The YouTube clip shows a man chatting with reporters on a sidewalk at dusk. There’s a slight slur in his speech and a faint lurch on his front foot, which could be a sign that he’s tired or simply had a few drinks. But the caption—“Aécio Neves gives an interview while drunk”—leaves little doubt about the intent of the person who posted the video.
Do a quick Google search of Aécio Neves and you’ll learn that he’s a current senator and former governor of Minas Gerais, one of Brazil’s largest and most developed states. The country’s newspapers are full of glowing reports about his ability to balance economic growth with advances in health and education. You’ll also learn that he’s the leading challenger to President Dilma Rouseff in the country’s upcoming presidential election. Yet in Google’s “related searches” category, “Aécio Neves president 2014” is only the third result. The top two—“Aécio Neves cocaine snorter” and “Aécio Neves drunk”—suggest a very different persona: a drug abuser with a dubious past.
So who’s behind the conflicting messages? The Neves campaign says it’s Rousseff’s left-leaning Workers Party, which denies the charges. But with the October election rapidly approaching and polls showing Neves down by just 7 percentage points, the former governor is embroiled a heated battle for his online reputation.
His campaign hired a São Paulo law firm last year to shutter fake Facebook profiles and chase down trolls who have allegedly been churning out rumors about Neves. In the meantime, critics say he’s running an overly aggressive campaign and trying to silence online dissent, something completely anathema to the openness of the Internet.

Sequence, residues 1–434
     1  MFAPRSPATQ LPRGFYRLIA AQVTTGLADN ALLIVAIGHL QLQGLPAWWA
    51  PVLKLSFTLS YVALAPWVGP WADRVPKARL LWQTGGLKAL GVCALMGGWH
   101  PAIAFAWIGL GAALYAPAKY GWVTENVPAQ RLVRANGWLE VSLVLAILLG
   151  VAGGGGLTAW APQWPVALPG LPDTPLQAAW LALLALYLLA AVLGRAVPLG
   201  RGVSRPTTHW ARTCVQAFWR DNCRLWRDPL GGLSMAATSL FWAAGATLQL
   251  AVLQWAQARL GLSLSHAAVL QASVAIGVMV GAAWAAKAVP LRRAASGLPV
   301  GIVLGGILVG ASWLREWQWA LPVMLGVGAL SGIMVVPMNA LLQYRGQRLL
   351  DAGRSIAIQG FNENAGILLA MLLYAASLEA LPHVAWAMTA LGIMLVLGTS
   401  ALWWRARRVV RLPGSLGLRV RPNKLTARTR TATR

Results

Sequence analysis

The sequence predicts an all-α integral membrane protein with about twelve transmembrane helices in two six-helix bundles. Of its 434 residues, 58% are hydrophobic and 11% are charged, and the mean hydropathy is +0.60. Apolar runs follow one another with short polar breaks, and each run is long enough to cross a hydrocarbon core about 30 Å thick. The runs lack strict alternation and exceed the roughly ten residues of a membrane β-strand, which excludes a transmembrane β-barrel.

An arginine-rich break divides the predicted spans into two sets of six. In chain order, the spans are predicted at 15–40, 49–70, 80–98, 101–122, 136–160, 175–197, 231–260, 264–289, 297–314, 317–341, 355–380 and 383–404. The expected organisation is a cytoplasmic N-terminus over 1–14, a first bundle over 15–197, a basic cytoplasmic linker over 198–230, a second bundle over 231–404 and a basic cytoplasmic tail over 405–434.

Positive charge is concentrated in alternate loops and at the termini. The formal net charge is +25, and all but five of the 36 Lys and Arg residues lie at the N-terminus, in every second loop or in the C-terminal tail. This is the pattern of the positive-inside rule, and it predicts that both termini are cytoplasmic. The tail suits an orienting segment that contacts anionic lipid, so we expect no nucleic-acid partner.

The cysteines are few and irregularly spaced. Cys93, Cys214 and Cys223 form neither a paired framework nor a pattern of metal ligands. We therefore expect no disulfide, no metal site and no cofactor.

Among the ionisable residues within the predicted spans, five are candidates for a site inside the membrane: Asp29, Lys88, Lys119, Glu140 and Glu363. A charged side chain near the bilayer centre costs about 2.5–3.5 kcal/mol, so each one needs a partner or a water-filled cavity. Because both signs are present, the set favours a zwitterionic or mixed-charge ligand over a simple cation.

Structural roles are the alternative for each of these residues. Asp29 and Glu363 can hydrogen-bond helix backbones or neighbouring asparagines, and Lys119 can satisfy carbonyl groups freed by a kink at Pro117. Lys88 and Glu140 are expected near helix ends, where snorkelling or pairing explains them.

Americans know all about rumors and negative campaigning (remember the birthers?). But Brazil’s legal system has few boundaries for what candidates and parties can or cannot do online, making the digital battleground for president in this web-savvy nation particularly vicious.
Few expected the campaign to play out this way for Neves, a man who has long been groomed for power. His grandfather, Tancredo Neves, was a revered statesman whose election in 1985 marked Brazil’s return to democracy. (He died of a stomach illness before he could take office.)
The younger Neves was born in Minas Gerais. Yet as a young man, he spent considerable time hanging around the beaches and bars of Rio de Janeiro, which are known for a culture of easy living, sex and surf. Like Barack Obama, Neves admits he’s tried marijuana. But as his political career began to take off, stories about his heavy partying appeared in the gossip columns of the country’s major newspapers. Still, few expected these rumors to affect his political career.
Back then—in the mid 1990s—the center-right Social Democratic Party reigned supreme in Brazil. But in 2002, the Workers Party began a decade-long surge, thanks to the crowd-pleasing talent and poverty-lifting policies of President Luiz Inacio Lula da Silva.
Suddenly, the Social Democrats were seen as gray-haired technocrats, and the party’s rank-and-file were forced to endure three defeats—two to Lula and one to his mentor, Rousseff—before Neves finally got his shot.